The Evolution of Privacy on Facebook

Recently, Facebook has gotten on the bad side of most people, from politicians to security experts to casual folks, everyone is starting to realize just how little Zuckman and his Facebook care about their users’ privacy.

At first, it was concerns about the latest “Like” feature that was popping up on 3rd party websites, then there was the leaked chat log in which Mark, the founder of Facebook, called his user’s “Dumb fucks” for trusting him with their information and he offered to share it.

Some have dismissed the chat as being too old to be relevant but the next story that broke proved it to be a very relevant issue. News broke that Facebook and other social networks have been sending private user information such as the usernames and ID’s allowing advertisers to track down specific profiles and gather more information about who clicked their ads. The Facebook PR machine just couldn’t catch a break lately and has been hammered hard on the issue to the extent that even a mere promise of being a Facebook Alternative made funding rain down on the start-up open source social media network Diaspora, allowing them to achieve their funding target in a phenomenally short period of time.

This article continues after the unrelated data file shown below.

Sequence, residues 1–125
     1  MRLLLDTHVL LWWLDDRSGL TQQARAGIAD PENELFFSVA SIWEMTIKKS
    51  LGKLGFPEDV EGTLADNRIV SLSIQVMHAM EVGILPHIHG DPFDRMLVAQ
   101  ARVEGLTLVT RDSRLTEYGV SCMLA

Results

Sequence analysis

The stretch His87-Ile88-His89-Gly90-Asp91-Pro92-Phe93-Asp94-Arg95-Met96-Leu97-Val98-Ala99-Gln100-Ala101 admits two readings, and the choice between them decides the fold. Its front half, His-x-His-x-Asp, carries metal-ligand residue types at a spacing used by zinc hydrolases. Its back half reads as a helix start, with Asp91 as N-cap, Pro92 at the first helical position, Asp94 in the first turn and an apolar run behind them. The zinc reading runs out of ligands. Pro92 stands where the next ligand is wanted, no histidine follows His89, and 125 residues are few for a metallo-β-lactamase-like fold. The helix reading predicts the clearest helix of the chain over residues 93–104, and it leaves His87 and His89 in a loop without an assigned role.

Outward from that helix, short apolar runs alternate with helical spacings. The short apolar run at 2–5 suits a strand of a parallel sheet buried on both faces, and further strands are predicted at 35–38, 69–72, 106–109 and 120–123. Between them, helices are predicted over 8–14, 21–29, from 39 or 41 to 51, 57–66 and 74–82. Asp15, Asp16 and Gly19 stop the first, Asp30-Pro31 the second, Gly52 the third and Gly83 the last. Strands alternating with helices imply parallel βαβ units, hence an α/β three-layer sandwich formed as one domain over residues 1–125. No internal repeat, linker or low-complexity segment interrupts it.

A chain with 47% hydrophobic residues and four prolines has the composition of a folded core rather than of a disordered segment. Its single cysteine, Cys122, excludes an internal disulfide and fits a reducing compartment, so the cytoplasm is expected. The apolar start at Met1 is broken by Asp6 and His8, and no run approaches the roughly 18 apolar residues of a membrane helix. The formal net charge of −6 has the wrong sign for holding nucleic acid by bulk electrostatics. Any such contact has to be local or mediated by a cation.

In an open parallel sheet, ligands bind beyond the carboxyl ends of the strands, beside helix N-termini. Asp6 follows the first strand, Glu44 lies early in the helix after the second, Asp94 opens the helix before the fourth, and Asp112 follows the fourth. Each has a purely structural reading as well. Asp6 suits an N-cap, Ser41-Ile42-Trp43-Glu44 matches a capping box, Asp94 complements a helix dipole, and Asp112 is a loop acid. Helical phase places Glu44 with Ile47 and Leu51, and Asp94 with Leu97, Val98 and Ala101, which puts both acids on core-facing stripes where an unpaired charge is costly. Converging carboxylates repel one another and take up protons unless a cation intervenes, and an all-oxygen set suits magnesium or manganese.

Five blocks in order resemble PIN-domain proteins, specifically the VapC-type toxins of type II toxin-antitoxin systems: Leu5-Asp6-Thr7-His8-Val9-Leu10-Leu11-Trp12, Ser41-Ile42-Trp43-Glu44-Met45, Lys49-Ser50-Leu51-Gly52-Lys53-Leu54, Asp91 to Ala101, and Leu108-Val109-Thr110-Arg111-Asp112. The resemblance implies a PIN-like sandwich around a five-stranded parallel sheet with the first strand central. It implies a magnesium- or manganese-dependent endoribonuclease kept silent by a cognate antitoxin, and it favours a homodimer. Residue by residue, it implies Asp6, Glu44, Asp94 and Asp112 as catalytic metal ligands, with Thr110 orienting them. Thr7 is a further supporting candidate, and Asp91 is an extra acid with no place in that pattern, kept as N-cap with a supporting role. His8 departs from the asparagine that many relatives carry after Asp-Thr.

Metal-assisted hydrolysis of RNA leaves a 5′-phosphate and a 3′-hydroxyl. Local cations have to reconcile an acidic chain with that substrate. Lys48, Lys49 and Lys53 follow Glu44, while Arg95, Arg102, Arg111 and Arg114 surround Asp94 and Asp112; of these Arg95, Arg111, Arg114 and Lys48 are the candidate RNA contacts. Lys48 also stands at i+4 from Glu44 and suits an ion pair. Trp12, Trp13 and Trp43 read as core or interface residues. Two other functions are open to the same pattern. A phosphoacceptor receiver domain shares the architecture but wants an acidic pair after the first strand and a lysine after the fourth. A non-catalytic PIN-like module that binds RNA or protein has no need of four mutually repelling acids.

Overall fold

All these changes, the sadistic labyrinth that is the Facebook privacy settings, and the huge number of people that are vowing to leave the service, make a person think if Facebook reached its tipping point on privacy? How has privacy changed across the history of Facebook?

Therefore, I found this illustration wonderful to answer these questions and illuminate the evolution of privacy on Facebook.

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